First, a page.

Crater Maker by William Long is kind of an evocative title. Seeing it in the AppStore, one might be inclined to believe that it’s a space game primarily about – you guessed it – making craters. As in, big holes in the terrain. Imagine my dismay when I learned that, not only do you NOT make any craters in this game, but you possess no destructive tools whatsoever, nor any ability to interact with the planets, enemies, or obstacles you encounter other than trying your best to avoid running into them.
This is because Crater Maker essentially plays like an homage to the much-loved old-school Atari game, Lunar Lander… In that, the game is mainly about struggling to control your ship’s thrusters while it travels from landing pad to landing pad. However, unlike Lunar Lander, Crater Maker steps things up by placing the landing pads on different planets and having the player follow objective markers to reach each new pad, dealing with the gravitational forces of each planet along the way as they attempt to make safe landings with an ever-dwindling fuel supply.
The game is controlled by tapping and holding on either side of the screen to turn in that direction, and tapping and holding on both sides at once to thrust in the direction your ship is facing. This is every bit as finicky as it sounds, and combined with the amount of time it takes to fully accelerate and the fact that you have to frantically turn your ship around and thrust in the opposite direction to stop, the game tends to play loosely and rather sluggishly. Aside from anxiously waggling your ship and thrusting back and forth as you try to stick the landing without blowing up, optimal play seems to be mainly about drifting slowly toward your next marker while conserving fuel.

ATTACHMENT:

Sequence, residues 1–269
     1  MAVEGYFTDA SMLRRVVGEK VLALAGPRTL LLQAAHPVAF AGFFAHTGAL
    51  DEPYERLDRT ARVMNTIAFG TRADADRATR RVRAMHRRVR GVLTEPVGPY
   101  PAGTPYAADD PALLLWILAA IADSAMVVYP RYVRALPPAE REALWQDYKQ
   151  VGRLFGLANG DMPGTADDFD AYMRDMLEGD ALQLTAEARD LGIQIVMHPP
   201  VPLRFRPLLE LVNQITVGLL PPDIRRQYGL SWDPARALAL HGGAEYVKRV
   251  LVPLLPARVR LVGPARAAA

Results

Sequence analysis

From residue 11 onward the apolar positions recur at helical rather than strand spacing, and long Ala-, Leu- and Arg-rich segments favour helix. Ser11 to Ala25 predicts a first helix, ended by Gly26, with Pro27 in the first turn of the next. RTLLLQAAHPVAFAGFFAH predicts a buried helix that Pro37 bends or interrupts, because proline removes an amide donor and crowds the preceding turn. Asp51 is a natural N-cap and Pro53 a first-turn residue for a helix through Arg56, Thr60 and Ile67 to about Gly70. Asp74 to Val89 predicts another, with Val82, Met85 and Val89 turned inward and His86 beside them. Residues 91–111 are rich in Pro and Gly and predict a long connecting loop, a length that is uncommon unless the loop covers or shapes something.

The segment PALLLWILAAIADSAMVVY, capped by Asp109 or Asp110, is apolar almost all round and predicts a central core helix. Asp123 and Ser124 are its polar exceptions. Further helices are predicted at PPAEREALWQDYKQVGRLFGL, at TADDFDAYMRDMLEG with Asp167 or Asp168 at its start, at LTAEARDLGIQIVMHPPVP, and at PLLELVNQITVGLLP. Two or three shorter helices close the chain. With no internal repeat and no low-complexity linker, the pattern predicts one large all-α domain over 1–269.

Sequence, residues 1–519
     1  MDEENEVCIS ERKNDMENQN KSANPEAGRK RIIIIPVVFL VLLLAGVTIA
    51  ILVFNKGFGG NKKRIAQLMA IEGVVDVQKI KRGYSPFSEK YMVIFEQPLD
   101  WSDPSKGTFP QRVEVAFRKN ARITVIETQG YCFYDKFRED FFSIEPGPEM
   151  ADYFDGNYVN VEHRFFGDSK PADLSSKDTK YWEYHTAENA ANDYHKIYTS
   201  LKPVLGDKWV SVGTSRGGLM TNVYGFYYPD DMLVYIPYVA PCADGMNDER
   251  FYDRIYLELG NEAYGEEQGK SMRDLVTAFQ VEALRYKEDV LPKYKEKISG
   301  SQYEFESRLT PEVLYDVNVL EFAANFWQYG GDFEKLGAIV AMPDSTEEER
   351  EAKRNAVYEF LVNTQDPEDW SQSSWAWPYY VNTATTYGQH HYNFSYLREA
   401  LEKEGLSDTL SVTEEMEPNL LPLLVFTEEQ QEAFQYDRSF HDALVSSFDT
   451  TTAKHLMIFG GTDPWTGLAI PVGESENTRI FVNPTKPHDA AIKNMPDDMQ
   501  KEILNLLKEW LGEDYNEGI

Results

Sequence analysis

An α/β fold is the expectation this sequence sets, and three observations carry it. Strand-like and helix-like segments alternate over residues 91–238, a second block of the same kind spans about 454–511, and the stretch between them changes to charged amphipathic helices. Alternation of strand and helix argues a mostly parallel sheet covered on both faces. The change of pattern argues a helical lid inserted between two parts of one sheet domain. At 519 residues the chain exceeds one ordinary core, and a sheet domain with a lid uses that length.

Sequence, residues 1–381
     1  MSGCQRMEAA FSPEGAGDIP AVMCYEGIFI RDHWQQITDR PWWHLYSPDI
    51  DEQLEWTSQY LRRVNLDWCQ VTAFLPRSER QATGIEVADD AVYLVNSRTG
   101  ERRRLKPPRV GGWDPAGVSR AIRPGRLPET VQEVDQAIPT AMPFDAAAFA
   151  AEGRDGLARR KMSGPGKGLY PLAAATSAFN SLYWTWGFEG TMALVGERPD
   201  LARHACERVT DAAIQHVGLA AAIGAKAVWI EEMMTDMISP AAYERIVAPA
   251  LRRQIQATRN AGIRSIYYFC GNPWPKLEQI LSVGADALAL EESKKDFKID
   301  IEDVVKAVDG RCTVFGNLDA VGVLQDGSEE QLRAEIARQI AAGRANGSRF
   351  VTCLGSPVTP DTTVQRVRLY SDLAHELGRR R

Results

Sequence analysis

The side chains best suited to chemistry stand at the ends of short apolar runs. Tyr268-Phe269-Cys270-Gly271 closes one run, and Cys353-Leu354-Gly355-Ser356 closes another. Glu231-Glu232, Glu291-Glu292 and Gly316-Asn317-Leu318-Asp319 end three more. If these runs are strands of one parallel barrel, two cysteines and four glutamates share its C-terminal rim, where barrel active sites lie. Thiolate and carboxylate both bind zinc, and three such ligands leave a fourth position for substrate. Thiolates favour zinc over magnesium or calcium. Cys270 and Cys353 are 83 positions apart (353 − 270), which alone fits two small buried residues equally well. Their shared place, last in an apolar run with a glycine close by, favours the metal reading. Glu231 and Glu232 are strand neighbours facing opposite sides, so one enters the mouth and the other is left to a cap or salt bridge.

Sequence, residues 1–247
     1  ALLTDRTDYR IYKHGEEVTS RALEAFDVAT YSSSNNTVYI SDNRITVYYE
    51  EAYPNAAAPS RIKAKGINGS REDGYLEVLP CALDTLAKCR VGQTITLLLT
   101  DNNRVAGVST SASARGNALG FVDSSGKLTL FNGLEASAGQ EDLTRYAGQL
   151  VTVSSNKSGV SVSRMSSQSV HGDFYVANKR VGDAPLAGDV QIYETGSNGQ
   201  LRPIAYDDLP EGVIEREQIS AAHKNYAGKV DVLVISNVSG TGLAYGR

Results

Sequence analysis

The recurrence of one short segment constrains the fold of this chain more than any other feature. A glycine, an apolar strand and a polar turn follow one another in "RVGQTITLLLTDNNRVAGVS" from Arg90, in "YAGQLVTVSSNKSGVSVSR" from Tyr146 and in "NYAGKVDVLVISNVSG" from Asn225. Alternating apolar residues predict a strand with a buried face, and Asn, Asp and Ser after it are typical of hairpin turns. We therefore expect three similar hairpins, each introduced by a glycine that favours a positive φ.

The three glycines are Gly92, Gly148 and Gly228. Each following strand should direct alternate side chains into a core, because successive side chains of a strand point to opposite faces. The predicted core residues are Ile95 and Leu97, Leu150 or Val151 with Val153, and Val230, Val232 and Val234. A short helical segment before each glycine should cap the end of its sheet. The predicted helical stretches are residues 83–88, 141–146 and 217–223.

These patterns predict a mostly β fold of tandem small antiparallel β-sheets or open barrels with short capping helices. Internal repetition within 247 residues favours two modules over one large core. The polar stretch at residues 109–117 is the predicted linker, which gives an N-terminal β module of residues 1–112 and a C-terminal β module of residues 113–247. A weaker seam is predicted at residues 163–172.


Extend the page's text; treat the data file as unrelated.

Now, on a subjective level I must admit I have trouble enjoying games like Lunar Lander at the best of times. It’s a game entirely about wrestling with inexact controls – which, on a gamepad with proper buttons, already tends to be a rather trying experience. Crater Maker combines the inexactitude of Lunar Lander’s thrust mechanics with the general unresponsiveness of iOS touch-based controls for an experience that is truly maddening, requiring such fine motor control that playing the game in any sort of transit is all but certain to end your run prematurely.
All that said, Crater Maker has a fine level of polish and presentation for the type of game it is and includes optional ad-watching which is a plus if you want to try and pay for the game’s expensive unlockable ships without paying real money. But unfortunately its classic mechanics are hobbled rather than improved by their translation to your smartphone screen, and the game’s basic lack of content beyond ultimately similar planets to land on and immediately leave make the attempt to actually master Crater Maker both frustrating and, ultimately, fruitless.